However, it’s their groundbreaking new Carbon Labeling project that’s the heart of the climate change conversation right now. Launched in 2021, Wilderness is now set up to not only measure the carbon impact of its day-to-day business operations, they can also track the output of every single trip in its portfolio. The result: every traveler knows exactly what the carbon footprint is of their holiday, giving potential customers the information they need to make more environmentally sustainable travel choices. For any emissions that cannot be eliminated directly from their services by 2030, Wilderness will be investing in carbon removal via local reforestation and afforestation projects. By providing travelers with such insights, Wilderness hopes to empower everyone to make more meaningful and responsible holiday choices.

For the team at Wilderness Scotland, their role as pioneers in climate-action and conservation in tourism has been clear from the start. See this short video for more of the story: https://vimeo.com/515708921


Brown bears in Alaska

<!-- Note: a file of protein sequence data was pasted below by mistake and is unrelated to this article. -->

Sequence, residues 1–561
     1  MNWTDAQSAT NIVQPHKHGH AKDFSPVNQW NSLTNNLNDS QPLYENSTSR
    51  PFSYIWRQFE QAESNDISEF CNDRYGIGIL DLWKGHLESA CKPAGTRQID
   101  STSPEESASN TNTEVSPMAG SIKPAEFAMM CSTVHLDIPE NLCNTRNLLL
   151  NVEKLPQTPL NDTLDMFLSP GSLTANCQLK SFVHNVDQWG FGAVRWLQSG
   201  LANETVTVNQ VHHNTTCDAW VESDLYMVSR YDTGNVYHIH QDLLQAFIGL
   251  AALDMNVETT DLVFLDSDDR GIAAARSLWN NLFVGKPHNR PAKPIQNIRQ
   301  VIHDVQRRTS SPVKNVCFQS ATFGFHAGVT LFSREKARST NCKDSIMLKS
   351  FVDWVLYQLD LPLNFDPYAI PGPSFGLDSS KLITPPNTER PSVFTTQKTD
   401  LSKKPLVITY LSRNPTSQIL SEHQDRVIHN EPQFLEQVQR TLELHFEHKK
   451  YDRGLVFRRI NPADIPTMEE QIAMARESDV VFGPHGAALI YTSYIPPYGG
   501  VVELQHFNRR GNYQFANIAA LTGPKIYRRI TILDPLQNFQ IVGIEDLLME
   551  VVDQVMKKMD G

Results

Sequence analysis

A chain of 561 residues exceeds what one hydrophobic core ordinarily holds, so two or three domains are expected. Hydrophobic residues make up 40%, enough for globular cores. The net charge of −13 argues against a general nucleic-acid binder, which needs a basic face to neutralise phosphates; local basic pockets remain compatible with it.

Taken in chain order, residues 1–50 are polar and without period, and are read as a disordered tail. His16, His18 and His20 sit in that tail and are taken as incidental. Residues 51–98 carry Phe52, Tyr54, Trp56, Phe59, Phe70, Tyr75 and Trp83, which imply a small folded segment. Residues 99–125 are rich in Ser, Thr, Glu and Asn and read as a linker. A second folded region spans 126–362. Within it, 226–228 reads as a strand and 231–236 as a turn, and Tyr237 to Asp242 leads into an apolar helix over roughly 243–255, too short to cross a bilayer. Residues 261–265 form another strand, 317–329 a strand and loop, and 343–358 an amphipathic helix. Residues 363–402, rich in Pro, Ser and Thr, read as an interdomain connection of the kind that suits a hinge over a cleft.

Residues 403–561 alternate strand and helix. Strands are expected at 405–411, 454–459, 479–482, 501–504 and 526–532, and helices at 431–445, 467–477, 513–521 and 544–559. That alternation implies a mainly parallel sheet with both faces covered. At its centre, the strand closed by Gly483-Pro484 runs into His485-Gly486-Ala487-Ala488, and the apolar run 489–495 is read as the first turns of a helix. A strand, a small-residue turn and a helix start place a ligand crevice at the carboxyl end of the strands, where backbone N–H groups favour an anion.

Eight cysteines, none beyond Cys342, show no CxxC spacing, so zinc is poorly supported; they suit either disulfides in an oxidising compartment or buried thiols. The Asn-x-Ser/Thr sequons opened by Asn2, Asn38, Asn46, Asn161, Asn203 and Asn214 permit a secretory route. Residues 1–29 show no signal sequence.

Brown bears in Alaska

[PHOTO CREDIT: kamchatka, All rights reserved.]

Natural Habitat Adventures
Conservation Rooted in Exploration & Inspiration

Since its start 37 years ago, Natural Habitat Adventures has built its business upon a core commitment to global leadership in conservation, raising the bar for ethical travel while driving heightened awareness and demand for sustainable practices across the entire travel industry.

Although Nat Hab recognizes there’s no way around the fact that any travel company today is contributing to climate change, and certainly it is not excluded, founder Ben Bressler and his team still strongly believe the net benefit yielded by their unique brand of conservation travel is worth the cost. By directly supporting and preserving natural habitats, infusing economic resources into local communities, and transforming individual travelers into enthusiastic ambassadors for enhanced global conservation, Nat Hab is confident its carefully crafted itineraries are already helping to mitigate any negative impact from its operation.

Of course, this conviction hasn’t stopped Nat Hab from simultaneously doubling down on efforts to ameliorate any destructive consequences tied to the company’s operation, be it amplifying its carbon offsetting program, to include traveler flights (since it is already the world’s first 100% carbon-neutral travel company); reducing waste and greening trip, office, and transportation operations; or, deepening partnerships with leading conservation organizations like World Wildlife Fund.

Among grassroots conservation efforts, its eco-bricks project in Mexico stands out, as an ingenious, small-scale effort by Nat Hab Expedition Leaders, to recycle plastics found on the ground during trips (by compacting hard-to-recycle plastic waste into a single-use plastic bottle, they create a sturdy building material for local projects!).